“I want freedom, the right to self-expression, everybody’s right to beautiful, radiant things.” -Emma Goldman, 1869-1940

Emma Goldman was a woman ahead of her time, an anarchist, a Jewish immigrant to America. Born in the Russian Empire, her time in the United States was mostly between 1885 and 1919. Goldman was a fierce and eloquent public presence, a speaker and organizer about the issues of injustice, poverty, women’s independence and freedom, about birth control, labor rights, and education. Her vision was one of egality, harmony, beauty and individual action. Goldman was deported from America in 1919 for speaking out against involuntary registration into the draft for WWI but even more so because she was an immigrant and a radical.
What began decades ago as a passion for justice and a need to know more about this revolutionary woman who spoke fiercely for human rights and beauty became the Emma Goldman Papers Project, now 38 years old, founded and directed by Candace Falk and housed at UC Berkeley. Candace and her team have spent decades documenting Goldman’s life, including her correspondence with Chinese anarchists, Mexican anarchists, and her circle of comrades and friends including novelists Jack London, Sinclair Lewis, HG Wells, Henry Miller, Aldous Huxley, Agnes Smedley, and figures as varied as Albert Einstein, Lady Astor, Eugene Debs, Peter Kropotkin, Margaret Sanger, Elizabeth Gurley Flynn, and Carlo Tresca. Candace tells us, “We have been collecting organizing and editing the papers, letters, surveillance materials, trial transcripts, newspaper clippings, unpublished writings and published writings of Emma Goldman and have some 22,000 documents related to her life in this amazing archive preserving the history of a woman whose voice is really needed now.”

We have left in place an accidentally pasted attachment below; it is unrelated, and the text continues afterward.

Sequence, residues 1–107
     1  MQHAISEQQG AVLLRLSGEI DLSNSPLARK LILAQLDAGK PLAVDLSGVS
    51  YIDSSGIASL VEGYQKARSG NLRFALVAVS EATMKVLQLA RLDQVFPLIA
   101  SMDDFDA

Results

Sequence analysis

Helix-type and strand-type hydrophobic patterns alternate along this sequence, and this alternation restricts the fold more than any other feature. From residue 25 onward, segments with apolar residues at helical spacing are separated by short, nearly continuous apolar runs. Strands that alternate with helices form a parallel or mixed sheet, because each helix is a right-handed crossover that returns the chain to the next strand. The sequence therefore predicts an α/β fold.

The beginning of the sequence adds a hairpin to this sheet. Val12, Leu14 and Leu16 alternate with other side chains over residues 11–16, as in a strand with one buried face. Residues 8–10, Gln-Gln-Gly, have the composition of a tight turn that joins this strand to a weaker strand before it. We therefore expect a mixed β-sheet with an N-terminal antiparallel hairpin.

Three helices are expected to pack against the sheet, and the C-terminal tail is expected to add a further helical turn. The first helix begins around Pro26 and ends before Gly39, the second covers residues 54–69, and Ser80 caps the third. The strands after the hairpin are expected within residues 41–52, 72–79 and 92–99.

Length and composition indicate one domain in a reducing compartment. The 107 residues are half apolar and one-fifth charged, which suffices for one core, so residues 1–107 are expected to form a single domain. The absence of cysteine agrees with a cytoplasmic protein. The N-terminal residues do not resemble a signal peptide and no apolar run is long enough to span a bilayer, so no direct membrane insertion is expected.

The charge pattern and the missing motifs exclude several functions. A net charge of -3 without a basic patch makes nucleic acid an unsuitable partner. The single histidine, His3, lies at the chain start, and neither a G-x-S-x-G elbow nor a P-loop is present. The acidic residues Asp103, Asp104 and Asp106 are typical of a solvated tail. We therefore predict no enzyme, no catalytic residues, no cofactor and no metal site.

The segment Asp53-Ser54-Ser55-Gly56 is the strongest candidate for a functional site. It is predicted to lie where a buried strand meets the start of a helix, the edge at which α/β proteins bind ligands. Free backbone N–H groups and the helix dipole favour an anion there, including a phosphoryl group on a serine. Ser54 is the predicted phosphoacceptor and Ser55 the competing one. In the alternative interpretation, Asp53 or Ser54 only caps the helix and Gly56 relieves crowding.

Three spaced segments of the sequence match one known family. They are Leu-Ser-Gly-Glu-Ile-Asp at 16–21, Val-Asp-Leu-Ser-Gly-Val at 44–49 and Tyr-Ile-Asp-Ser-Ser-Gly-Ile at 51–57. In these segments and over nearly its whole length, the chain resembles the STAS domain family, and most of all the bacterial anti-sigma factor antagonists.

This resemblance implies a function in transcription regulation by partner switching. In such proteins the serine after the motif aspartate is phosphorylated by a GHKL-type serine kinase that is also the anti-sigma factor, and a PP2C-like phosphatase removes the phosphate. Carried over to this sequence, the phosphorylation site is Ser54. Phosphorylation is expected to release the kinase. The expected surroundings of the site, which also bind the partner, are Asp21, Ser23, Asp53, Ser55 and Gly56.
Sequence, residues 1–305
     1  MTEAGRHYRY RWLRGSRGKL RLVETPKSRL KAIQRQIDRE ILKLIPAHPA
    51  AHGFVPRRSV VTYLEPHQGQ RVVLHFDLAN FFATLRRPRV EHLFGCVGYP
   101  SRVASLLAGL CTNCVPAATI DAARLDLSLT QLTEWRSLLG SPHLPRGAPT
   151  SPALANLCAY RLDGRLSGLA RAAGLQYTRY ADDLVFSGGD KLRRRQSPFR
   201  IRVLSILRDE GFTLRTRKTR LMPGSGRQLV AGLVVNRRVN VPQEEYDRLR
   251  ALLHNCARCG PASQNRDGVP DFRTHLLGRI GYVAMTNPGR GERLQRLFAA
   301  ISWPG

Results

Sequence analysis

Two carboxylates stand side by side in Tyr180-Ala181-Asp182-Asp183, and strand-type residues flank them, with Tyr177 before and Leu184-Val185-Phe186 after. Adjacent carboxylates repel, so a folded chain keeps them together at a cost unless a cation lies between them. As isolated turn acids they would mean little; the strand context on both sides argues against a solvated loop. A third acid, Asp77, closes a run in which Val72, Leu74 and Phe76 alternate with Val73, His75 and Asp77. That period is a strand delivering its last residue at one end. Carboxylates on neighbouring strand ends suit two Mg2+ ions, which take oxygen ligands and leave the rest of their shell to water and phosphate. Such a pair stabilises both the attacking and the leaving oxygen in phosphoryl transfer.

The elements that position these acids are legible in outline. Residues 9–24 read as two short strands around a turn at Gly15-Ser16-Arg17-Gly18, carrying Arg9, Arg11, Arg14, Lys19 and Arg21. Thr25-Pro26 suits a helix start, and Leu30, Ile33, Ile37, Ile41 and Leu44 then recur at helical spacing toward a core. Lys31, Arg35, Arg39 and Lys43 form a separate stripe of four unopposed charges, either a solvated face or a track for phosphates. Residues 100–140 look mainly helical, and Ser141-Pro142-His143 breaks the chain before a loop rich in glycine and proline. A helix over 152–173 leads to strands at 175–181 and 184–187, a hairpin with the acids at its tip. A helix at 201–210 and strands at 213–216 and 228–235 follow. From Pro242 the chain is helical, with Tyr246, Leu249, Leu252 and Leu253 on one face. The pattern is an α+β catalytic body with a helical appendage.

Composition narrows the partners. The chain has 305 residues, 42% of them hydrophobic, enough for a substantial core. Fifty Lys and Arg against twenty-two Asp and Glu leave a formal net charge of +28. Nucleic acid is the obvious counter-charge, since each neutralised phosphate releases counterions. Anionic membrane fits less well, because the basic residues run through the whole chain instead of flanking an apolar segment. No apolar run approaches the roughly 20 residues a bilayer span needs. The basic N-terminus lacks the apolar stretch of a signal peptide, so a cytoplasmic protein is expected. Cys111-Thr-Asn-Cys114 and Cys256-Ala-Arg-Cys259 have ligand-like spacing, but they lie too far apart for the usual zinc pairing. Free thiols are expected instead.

A reminder from Candace: “Our 22,000-document treasure trove is free and accessible to all,” here and here.
Make a tax-deductible donation to the Emma Goldman Papers Online.
The clip of Goldman above comes from the film “Anarchism in America.”